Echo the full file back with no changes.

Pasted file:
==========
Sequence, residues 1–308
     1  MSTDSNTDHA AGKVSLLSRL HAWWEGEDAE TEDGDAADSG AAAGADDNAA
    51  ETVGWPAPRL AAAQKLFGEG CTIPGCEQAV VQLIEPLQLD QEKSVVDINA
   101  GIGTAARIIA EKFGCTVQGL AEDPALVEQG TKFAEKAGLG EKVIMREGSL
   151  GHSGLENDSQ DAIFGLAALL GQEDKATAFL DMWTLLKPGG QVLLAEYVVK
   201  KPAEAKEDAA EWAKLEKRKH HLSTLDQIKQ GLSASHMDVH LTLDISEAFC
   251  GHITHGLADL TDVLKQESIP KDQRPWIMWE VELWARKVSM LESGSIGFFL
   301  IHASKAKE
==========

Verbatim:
Sequence, residues 1–308
     1  MSTDSNTDHA AGKVSLLSRL HAWWEGEDAE TEDGDAADSG AAAGADDNAA
    51  ETVGWPAPRL AAAQKLFGEG CTIPGCEQAV VQLIEPLQLD QEKSVVDINA
   101  GIGTAARIIA EKFGCTVQGL AEDPALVEQG TKFAEKAGLG EKVIMREGSL
   151  GHSGLENDSQ DAIFGLAALL GQEDKATAFL DMWTLLKPGG QVLLAEYVVK
   201  KPAEAKEDAA EWAKLEKRKH HLSTLDQIKQ GLSASHMDVH LTLDISEAFC
   251  GHITHGLADL TDVLKQESIP KDQRPWIMWE VELWARKVSM LESGSIGFFL
   301  IHASKAKE